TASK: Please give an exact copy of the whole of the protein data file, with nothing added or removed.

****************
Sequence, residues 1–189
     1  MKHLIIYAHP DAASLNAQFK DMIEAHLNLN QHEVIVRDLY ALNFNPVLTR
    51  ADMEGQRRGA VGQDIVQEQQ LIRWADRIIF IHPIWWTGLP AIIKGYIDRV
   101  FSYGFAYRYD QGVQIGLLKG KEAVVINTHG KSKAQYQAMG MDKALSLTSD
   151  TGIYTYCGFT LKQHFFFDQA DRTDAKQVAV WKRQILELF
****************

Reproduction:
Sequence, residues 1–189
     1  MKHLIIYAHP DAASLNAQFK DMIEAHLNLN QHEVIVRDLY ALNFNPVLTR
    51  ADMEGQRRGA VGQDIVQEQQ LIRWADRIIF IHPIWWTGLP AIIKGYIDRV
   101  FSYGFAYRYD QGVQIGLLKG KEAVVINTHG KSKAQYQAMG MDKALSLTSD
   151  TGIYTYCGFT LKQHFFFDQA DRTDAKQVAV WKRQILELF